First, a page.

Congress’ sexual harassment woes worsened this week with a Politico report that names Texas Rep. Blake Farenthold as the one member of the House of Representatives who, in the past five years, used taxpayer dollars from an Office of Compliance account to settle a sexual harassment case against his office. Farenthold joins Rep. John Conyers and Sen. Al Franken in the list of sitting federal legislators accused of sexual harassment.
In the national moment of reckoning with sexual misconduct, Congress’ convoluted sexual harassment policies—both the House and the Senate recently mandated anti-sexual-harassment training—have come under scrutiny, as have recently revealed records showing that the Office of Compliance had paid out more than $17 million in employment settlements since 1997. The little-known Office of Compliance, which was created by Congressional Accountability Act of 1995 amid a sexual misconduct scandal that ended in Sen. Bob Packwood’s resignation, is the legislative branch’s version of a human resources department.
According to the Politico report, Rep. Gregg Harper, the chairman of the House Administration Committee, told his GOP colleagues Friday that only one House office had used Office of Compliance funds to resolve a sexual harassment complaint in the past five years; that settlement totaled $84,000. And while Farenthold’s office refused to confirm whether it was the office in question, Politico reports that the settlement went to the Texas Republican’s former communications director Lauren Greene, who in 2014 filed a suit in the U.S. District Court for the District of Columbia that alleged sexual harassment, discriminatory behavior, and a hostile work environment. The filing detailed, for example, that Farenthold had told an assistant that he had “sexual fantasies” about Greene and shared details about his sex life with Greene. Greene also complained about “hostile” behavior by Chief of Staff Bob Haueter and then was dismissed from her position shortly after. At the time, Farenthold and Greene drafted a joint statement, which they ultimately never released; in it, Farenthold said that he “adamantly denies that he engaged in any wrongdoing.”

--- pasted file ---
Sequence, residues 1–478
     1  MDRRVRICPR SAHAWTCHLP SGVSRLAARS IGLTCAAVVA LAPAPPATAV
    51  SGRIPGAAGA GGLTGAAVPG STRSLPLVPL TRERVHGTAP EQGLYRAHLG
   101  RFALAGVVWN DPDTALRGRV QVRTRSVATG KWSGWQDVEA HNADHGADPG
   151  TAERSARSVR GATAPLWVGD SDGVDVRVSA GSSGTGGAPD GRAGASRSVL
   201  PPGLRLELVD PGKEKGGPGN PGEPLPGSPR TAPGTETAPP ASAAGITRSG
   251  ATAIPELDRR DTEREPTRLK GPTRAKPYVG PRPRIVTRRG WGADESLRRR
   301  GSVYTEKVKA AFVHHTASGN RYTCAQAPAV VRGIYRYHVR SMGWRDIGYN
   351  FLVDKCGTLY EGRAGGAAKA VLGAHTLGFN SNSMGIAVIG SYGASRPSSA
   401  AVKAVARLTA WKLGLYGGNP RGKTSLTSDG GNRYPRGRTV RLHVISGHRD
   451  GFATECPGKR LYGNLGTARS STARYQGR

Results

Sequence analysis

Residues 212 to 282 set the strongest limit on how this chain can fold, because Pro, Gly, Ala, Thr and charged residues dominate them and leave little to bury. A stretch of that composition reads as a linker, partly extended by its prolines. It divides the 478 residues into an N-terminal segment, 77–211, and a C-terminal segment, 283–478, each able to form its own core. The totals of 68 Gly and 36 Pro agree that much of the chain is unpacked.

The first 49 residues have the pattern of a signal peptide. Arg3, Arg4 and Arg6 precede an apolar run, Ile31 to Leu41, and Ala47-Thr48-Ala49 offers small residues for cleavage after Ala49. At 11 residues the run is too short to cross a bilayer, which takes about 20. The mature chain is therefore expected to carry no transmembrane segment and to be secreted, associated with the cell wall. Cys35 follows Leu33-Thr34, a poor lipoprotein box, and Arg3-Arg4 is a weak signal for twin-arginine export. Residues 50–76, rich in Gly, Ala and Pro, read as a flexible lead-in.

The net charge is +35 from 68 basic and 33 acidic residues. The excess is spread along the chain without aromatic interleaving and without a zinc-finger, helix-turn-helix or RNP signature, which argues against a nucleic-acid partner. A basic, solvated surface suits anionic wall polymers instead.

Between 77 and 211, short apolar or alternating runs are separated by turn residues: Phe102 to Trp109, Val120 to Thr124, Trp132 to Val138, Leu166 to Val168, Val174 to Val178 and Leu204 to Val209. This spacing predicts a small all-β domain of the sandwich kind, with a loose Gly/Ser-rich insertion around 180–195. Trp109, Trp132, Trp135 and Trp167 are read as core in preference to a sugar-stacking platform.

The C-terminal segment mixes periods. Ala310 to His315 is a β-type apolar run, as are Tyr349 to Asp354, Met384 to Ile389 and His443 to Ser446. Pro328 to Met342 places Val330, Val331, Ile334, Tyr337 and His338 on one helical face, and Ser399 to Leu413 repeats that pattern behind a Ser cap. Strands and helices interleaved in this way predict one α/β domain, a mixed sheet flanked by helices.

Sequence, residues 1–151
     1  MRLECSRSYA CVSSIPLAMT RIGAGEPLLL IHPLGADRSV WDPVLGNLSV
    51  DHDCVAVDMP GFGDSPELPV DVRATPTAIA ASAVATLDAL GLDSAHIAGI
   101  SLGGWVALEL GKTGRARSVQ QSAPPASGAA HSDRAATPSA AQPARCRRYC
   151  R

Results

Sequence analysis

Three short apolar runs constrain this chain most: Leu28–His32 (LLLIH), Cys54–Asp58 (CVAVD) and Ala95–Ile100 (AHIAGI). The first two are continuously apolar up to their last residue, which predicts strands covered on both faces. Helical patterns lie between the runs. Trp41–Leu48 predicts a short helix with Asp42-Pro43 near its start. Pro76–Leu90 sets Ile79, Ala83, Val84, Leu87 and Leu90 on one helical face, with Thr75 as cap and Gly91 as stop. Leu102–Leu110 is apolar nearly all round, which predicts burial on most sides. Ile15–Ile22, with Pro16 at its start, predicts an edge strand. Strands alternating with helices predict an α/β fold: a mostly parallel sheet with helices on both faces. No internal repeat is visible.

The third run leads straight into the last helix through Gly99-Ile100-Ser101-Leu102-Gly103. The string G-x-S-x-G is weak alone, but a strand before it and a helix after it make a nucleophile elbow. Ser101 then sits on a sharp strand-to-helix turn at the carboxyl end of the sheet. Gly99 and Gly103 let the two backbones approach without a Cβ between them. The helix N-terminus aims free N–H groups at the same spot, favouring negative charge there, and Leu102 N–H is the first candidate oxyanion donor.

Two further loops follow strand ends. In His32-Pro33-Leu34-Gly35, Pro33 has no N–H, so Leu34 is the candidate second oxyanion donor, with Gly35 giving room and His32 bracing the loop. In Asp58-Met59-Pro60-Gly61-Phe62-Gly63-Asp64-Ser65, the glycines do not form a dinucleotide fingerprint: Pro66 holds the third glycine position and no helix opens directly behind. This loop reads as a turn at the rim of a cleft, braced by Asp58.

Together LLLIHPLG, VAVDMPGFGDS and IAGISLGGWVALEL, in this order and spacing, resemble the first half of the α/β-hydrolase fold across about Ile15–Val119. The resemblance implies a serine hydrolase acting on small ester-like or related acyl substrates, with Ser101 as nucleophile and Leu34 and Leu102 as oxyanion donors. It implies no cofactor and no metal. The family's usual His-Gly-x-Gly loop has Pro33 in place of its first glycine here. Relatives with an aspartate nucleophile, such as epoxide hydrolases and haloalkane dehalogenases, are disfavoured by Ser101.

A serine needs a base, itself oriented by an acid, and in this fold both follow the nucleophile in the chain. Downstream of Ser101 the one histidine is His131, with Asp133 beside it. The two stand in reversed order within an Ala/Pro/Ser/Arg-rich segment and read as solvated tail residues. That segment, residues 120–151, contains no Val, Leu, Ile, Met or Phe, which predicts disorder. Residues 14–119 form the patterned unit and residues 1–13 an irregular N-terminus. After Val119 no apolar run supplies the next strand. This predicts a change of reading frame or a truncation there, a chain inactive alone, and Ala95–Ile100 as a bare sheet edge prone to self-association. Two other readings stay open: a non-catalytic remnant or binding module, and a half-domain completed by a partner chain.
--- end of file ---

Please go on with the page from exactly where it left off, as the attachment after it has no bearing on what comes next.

Settlement aside, Farenthold has a track record of sexist behavior. This summer, he used casually violent rhetoric (“clearly tongue in cheek,” he later said) when criticizing a female Republican lawmaker opposing a GOP bill to repeal Obamacare (left unnamed but clearly Sen. Susan Collins), saying, “If it was a guy from south Texas, I might ask him to step outside and settle this Aaron Burr-style.” (A hot mic later captured Collins’ sharp-tongued response.) Farenthold also notably dismissed President Trump’s crude Access Hollywood comments as “locker room talk” before fumbling a hypothetical question about whether the statement “I really like raping women” would be enough to prompt him to disavow Trump. Farenthold subsequently apologized for and clarified his response to the hypothetical.
The $84,000 payout, however, is only a fraction of the taxpayer money that went toward congressional settlements in 2014; that year, the Office of Compliance doled out $806,450 for other types of complaints. Members of Congress can tap into other funds to reach settlements, such as Conyers’ use of his own office’s money to resolve a claim in 2015.
As an official who promotes a “crackdown on waste, fraud, and the abuse of federal dollars,” Farenthold is engaging in some serious hypocrisy to use constituents’ money to pay for his own or his employees’ alleged indiscretions. One way to prevent such unseemly spending? Refraining from behavior that might result in a sexual harassment complaint.